Diseases caused by heteroplasmic mitochondrial DNA mutations have no effective treatment or cure. In recent years, DNA editing enzymes were tested as tools to eliminate mutant mtDNA in heteroplasmic cells and tissues. Mitochondrial-targeted restriction endonucleases, ZFNs, and TALENs have been successful in shifting mtDNA heteroplasmy, but they all have drawbacks as gene therapy reagents, including: large size, heterodimeric nature, inability to distinguish single base changes, or low flexibility and effectiveness. Here we report the adaptation of a gene editing platform based on the I-CreI meganuclease known as ARCUS®. These mitochondrial-targeted meganucleases (mitoARCUS) have a relatively small size, are monomeric, and can recognize sequences differing by as little as one base pair. We show the development of a mitoARCUS specific for the mouse m.5024C>T mutation in the mt-tRNAAla gene and its delivery to mice intravenously using AAV9 as a vector. Liver and skeletal muscle show robust elimination of mutant mtDNA with concomitant restoration of mt-tRNAAla levels. We conclude that mitoARCUS is a potential powerful tool for the elimination of mutant mtDNA.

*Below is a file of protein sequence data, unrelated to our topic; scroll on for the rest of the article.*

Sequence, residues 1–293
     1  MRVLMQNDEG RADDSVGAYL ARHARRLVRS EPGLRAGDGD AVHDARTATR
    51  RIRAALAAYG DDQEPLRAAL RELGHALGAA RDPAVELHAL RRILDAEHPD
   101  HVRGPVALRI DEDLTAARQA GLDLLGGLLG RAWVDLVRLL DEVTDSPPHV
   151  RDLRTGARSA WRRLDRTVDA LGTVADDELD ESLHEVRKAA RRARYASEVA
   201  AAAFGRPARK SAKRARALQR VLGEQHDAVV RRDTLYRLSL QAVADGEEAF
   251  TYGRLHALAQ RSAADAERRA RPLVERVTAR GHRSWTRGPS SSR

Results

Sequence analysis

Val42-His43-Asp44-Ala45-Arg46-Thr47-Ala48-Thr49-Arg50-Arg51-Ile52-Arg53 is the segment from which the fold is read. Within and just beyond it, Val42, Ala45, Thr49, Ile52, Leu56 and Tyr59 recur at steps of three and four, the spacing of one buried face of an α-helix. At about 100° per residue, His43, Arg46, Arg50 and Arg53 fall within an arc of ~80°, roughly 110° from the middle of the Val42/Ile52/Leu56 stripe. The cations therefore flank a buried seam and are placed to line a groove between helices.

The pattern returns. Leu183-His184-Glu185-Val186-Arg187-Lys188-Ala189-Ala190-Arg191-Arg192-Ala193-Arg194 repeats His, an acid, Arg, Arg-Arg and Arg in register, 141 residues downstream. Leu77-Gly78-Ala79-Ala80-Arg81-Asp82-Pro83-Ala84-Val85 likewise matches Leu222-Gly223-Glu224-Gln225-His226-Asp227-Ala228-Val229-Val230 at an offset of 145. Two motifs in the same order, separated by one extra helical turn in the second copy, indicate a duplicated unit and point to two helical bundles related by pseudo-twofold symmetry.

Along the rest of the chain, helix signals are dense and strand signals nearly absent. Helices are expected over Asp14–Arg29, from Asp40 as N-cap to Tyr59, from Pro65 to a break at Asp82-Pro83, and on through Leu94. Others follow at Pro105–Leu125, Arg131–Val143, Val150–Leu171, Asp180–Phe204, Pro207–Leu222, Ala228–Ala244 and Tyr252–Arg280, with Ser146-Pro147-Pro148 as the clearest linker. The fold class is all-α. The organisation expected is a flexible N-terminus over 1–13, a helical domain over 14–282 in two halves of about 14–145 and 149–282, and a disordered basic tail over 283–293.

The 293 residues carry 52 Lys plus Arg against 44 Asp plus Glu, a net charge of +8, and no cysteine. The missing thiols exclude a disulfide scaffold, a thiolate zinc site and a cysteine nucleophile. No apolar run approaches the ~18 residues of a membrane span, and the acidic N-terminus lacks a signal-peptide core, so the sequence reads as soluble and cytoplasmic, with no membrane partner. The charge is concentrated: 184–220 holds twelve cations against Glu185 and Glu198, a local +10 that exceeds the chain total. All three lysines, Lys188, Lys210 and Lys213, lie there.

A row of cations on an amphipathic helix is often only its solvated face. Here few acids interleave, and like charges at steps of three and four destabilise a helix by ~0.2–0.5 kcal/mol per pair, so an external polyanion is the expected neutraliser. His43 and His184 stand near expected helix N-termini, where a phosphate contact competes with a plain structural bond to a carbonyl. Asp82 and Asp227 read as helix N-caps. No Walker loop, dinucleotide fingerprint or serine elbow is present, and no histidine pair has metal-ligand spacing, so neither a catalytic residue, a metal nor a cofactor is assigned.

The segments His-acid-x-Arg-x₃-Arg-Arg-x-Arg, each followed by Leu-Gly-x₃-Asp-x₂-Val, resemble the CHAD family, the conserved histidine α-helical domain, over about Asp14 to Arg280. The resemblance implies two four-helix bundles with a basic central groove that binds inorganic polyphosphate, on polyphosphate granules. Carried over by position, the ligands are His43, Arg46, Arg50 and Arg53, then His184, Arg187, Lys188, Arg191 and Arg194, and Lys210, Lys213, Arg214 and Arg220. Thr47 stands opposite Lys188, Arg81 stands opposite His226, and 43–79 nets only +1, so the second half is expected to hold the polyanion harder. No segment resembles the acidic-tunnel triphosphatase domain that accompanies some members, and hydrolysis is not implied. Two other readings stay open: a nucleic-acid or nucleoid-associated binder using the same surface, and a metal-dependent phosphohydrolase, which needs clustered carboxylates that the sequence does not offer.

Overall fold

ASJC Scopus subject areas
- Biochemistry, Genetics and Molecular Biology(all)
- Physics and Astronomy(all)